Sperlonga has published a white paper entitled, The Hidden Threat of HOA Liens: Why Delinquent HOA Accounts are a Threat to Investor ROI and First Mortgage Lien Positions. The white paper, authored by Sperlonga Chairman Matt Martin and Senior Vice President Brent Stokes, details the pitfalls that HOA liens for unpaid accounts pose for the mortgage and residential mortgage backed securities (RMBS) industries. It is available on the company’s website at www.SperlongaData.com. Sperlonga is a subsidiary of Arlington, Virginia-based national real estate asset firm Matt Martin Real Estate Management (MMREM).
The white paper is being published in time for availability during the American Securitization Forum, an event taking place in Las Vegas from January 27-30, where HOA lien dangers for RMBS investors and issuers will be a hot topic of conversation. “The securitization industry has little understanding of HOAs,” said Jason Serrano, co-head of structured products and managing director for securities specialist at Oak Hill Advisors. “It must become educated quickly in order to safeguard investments in both the near term and over the long run.” He points out that there are over 25 million homes that involve HOAs, and his company has researched the problems they can pose when delinquent accounts are not properly managed. They have found that the scope of the problem is far larger than the industry realizes, particularly when considering that the majority of their pools involve newer homes, most of which include membership in one or more homeowner associations.
Matt Martin of Sperlonga says the problem affects virtually every lender originating loans and a very large proportion of defaulted properties. In so-called “super lien” states, HOA liens for unpaid accounts can take priority over mortgages and threaten first lien positions. New rules from Fannie Mae and HUD require servicers to monitor and resolve HOA delinquencies in these areas before their mortgage priority can be endangered, but that is far easier to require than it is to accomplish.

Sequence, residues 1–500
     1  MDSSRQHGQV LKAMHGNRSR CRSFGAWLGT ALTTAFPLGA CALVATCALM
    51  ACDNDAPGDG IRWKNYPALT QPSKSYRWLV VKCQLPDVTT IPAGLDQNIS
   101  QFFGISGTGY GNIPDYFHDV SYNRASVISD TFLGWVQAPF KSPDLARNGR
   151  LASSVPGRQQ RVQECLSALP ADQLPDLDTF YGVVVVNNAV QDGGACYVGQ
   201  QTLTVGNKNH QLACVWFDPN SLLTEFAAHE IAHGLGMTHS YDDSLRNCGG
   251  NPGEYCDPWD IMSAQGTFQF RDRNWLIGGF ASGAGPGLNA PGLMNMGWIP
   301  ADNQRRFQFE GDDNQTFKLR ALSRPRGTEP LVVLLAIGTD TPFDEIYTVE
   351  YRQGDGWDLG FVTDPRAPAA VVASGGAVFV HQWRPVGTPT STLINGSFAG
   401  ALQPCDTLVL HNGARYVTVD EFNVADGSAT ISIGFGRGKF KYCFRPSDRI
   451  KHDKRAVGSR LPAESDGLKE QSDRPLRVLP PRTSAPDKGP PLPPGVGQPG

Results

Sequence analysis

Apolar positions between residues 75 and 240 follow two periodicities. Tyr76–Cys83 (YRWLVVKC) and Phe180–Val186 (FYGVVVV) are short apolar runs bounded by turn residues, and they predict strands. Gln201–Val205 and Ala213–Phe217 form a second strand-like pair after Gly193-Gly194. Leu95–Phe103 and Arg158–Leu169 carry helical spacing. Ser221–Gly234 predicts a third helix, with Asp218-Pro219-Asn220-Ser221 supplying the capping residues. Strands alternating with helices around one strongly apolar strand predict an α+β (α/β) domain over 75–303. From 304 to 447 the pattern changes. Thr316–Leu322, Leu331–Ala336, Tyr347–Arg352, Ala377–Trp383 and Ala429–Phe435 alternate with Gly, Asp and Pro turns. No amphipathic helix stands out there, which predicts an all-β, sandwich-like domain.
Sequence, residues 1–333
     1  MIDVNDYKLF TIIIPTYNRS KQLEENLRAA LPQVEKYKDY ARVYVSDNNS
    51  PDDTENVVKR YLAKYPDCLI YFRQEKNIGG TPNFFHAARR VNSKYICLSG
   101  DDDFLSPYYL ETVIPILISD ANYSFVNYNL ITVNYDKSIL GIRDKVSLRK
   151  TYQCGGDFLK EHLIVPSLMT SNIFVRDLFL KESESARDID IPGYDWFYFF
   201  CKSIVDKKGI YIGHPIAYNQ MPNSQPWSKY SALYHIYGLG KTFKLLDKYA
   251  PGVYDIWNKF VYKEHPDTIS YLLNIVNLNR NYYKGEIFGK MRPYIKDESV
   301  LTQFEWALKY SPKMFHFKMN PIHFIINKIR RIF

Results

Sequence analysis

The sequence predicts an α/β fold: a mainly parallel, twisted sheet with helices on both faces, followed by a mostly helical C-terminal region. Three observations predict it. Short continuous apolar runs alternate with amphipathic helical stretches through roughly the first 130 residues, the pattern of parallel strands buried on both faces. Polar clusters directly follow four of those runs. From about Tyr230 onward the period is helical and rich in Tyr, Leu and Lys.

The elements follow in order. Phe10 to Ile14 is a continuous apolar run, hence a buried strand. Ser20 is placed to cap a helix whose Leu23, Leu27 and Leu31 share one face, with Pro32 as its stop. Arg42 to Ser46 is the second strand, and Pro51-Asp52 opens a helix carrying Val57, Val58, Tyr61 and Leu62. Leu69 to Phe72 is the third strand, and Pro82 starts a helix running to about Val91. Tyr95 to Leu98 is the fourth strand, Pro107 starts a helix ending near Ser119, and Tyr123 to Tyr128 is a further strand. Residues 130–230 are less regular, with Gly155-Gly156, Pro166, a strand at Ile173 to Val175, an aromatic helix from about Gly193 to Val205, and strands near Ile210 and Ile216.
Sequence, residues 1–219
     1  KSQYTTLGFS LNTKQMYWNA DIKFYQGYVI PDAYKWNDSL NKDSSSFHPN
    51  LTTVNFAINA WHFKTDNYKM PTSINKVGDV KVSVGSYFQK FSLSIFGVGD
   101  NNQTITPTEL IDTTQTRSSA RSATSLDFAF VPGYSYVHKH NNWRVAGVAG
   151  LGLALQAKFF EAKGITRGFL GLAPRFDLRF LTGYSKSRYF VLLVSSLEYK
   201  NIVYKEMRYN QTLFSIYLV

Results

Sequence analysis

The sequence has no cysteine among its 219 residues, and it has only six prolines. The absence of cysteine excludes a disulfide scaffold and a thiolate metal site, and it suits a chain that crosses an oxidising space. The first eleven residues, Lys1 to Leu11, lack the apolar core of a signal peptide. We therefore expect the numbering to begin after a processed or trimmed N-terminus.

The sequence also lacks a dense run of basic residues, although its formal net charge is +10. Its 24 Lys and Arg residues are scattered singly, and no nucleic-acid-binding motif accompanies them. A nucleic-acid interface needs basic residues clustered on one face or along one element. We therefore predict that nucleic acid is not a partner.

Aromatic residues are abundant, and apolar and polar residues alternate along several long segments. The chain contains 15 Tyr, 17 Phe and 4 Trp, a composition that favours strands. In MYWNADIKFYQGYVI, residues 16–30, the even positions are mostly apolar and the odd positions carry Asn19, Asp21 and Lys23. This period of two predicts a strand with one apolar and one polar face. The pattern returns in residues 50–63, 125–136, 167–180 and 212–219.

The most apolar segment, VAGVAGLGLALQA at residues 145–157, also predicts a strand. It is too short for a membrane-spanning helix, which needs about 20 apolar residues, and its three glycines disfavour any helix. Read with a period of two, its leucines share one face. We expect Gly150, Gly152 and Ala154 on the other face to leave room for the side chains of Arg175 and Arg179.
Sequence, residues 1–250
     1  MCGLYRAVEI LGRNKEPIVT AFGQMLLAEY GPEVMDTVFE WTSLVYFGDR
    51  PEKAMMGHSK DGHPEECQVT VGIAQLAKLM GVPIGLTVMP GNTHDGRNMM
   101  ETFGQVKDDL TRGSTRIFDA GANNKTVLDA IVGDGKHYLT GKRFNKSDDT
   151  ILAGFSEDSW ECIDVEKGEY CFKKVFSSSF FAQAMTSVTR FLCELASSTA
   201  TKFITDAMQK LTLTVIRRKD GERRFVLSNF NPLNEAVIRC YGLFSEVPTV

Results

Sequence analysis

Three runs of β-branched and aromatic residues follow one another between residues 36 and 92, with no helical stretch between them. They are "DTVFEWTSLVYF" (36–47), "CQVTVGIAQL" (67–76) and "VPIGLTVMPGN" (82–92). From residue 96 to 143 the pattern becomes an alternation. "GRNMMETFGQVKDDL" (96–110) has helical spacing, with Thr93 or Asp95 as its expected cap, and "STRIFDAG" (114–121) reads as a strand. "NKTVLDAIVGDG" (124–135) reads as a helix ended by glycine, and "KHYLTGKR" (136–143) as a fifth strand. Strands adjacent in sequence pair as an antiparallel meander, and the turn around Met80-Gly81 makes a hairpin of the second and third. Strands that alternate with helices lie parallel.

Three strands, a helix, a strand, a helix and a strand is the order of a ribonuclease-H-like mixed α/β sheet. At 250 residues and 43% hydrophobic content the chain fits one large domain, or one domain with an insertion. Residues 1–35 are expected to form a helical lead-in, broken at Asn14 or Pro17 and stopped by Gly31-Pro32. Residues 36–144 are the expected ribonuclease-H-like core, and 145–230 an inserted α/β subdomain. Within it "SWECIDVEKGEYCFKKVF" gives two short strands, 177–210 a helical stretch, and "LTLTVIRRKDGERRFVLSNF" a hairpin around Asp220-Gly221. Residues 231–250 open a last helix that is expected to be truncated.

“There are over 350,000 HOAs in the country,” Martin said, “and the mortgage process has not historically tracked them in order to communicate on things like presenting claims for payments or monitoring delinquencies. Over the last 18 months Sperlonga has created the industry’s largest database of these HOAs and presently has the means to help the mortgage industry preserve the integrity of their first liens.”
Oak Hill Advisors’ Serrano believes it is time for the RMBS industry to take action to prevent a potential future catastrophe of HOA-related foreclosure and repurchase problems. “This is obviously seen as a problem by HUD and Fannie Mae, as they have taken action by requiring liens to be settled and HOA accounts to be kept current in all critical states,” he notes. “Why hasn’t the securitization market asked for similar protections? Our problem is proportionately larger, since a greater number of the assets in our trusts involve one or more HOAs on each property.”
Brent Stokes, co-author of the white paper, says that approximately one in five properties in the U.S. involves an HOA, but about 80 percent of new homes are HOA members, a testament to the growing popularity of community associations. “They are good for homeowners and for lenders, as they generally keep neighborhood maintenance standards high and maximize property values,” he says. “But as the white paper shows, there are pitfalls along with the benefits. Fortunately, there are resources available to minimize the dangers for lenders and investors, but they must first be aware of the problem.”
“This is a very real issue,” said Serrano. “Sperlonga is delivering a real solution to protect RMBS investors and the securitization market.”